Supporting Terrorism

Undoubtedly, 9/11 changed the United States' foreign policy and national security. In the years following 9/11, the Department of Justice and law enforcement instituted numerous counter-terrorism measures, citing national security from further terrorist activity.

The United States has been subject to numerous terrorist attacks throughout its history. This article discusses the law against providing material support to terrorists and defines domestic and international terrorism. Read on to learn more about these crimes and find legal representation if you are charged with a federal crime against the government.

What Is Terrorism?

Federal law defines terrorism in the U.S. Code, Title 18, Chapter 113B. It defines international terrorism (18 U.S.C. § 2331) as the following:

  • It involves violent acts or acts dangerous to human life that violate United States criminal laws or would violate criminal law if committed in the United States.
  • The act must appear to intend to 1) intimidate or coerce civilians; or 2) affect government policy through coercion or intimidation; or 3) influence the government's conduct by mass destruction, assassination, or kidnapping.
  • The act occurs outside the United States or transcends national boundaries in terms of how the act is accomplished.

Domestic terrorism has the same elements, except that the acts primarily occur within the United States territorial jurisdiction. The Secretary of State has the authority to designate terrorist organizations.

September 11, 2001

On September 11, 2001, the Islamist terrorist group al Qaeda hijacked four airplanes in the United States. They crashed two of them into the World Trade Center towers in New York City and one into the Pentagon in Virginia. Passengers on the fourth plane fought the hijackers, and the plane ultimately crashed in a field in Pennsylvania. Nearly 3,000 people died in the attack, known as 9/11. It was the deadliest attack on U.S. soil since the Japanese navy attacked Pearl Harbor in 1941.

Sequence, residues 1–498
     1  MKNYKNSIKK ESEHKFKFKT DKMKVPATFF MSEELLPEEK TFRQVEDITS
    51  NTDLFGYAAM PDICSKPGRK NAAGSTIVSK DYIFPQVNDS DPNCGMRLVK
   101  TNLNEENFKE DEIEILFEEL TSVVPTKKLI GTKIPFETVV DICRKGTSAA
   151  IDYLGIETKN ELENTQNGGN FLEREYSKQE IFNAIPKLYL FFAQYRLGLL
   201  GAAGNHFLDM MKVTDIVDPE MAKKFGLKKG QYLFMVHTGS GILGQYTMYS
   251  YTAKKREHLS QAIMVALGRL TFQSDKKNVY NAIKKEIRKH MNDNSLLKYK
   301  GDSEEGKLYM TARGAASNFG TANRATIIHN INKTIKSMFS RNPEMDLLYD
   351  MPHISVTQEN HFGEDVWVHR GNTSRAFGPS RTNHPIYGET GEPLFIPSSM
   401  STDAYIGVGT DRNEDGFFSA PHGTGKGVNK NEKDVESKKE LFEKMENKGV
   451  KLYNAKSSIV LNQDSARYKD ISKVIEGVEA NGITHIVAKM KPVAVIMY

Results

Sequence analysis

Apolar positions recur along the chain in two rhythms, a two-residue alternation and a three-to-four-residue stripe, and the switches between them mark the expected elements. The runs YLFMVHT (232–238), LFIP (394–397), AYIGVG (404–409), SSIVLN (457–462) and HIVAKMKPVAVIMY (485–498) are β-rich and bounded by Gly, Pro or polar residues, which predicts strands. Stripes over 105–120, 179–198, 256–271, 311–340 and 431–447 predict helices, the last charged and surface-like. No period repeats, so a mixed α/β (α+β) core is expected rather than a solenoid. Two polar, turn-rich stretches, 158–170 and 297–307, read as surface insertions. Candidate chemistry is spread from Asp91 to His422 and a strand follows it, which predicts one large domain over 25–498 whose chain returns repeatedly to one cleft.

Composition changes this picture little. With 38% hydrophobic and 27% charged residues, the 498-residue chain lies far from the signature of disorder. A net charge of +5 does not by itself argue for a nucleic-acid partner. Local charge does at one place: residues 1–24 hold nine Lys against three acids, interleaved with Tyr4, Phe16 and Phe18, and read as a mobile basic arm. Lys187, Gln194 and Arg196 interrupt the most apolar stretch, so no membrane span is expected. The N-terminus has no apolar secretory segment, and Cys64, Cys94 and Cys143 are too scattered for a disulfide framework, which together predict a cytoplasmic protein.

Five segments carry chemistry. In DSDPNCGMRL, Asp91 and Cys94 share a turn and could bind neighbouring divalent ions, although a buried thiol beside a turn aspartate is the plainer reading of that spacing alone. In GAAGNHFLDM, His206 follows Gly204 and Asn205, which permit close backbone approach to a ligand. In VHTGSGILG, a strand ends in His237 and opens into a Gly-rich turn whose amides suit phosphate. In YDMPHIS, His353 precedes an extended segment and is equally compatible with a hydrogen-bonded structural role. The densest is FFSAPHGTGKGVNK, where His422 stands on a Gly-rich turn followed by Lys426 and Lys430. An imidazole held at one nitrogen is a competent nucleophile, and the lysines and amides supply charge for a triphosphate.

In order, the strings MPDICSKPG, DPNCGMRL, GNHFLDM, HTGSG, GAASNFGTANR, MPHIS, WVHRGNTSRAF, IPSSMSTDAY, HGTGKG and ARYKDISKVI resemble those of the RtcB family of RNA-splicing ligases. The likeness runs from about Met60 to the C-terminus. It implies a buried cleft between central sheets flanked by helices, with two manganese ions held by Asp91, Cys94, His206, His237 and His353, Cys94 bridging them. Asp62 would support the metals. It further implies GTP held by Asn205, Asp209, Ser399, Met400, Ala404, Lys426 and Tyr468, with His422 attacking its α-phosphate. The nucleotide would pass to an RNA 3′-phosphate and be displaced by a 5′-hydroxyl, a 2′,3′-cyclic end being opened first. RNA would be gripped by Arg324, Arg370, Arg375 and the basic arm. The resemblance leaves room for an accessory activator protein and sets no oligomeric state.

Although both 9/11 and Pearl Harbor involved attacks on the United States, only 9/11 was a terrorist attack. The attack on Pearl Harbor was an attack on a military base as an act of war. On 9/11, however, extremists and international terrorists mainly targeted the civilian population. Both attacks led to the United States joining or starting a war against the attackers.

Osama Bin Laden claimed responsibility for 9/11. The United States, along with international cooperation, soon invaded Afghanistan. They believed the Taliban in Afghanistan was hiding Bin Laden. In 2003, the United States invaded Iraq. At the time, U.S. intelligence was concerned about the danger of Iraq's weapons of mass destruction. Years later, these agencies revealed their information about the alleged weapons of mass destruction was incorrect.

Terrorist attacks can shape a nation's future. Whether it's policy changes regarding the threat of future terrorist acts or declaring war due to anti-terrorism concerns, terrorism shapes world history. For more information about terrorism, consider browsing FindLaw's Terrorism and Terroristic Threats article.

Supporting Terrorism: What Does That Mean?

Some terrorists act alone, while others have help. The United States federal government punishes those who assist in facilitating terrorist attacks.

The government can criminally charge people for aiding and abetting terrorism in multiple ways. This is codified in 18 U.S.C. Section 2339. The types of support, as upheld by the U.S. Supreme Court, are described as follows:

These methods are explained in more detail below.

Harboring or Concealing Terrorists

The federal government may prosecute anyone who harbors or conceals a person they know, or has reasonable grounds to believe, is a terrorist or will commit a terrorist act. Specifically, the statute lists that assistance or knowledge regarding the following actions are punishable by fines and up to 10 years of imprisonment:

  • The destruction of aircraft or aircraft facilities
  • Offenses related to biological weapons
  • Offenses related to chemical weapons
  • Offenses related to nuclear materials
  • The arson or bombing of government property risking or causing injury or death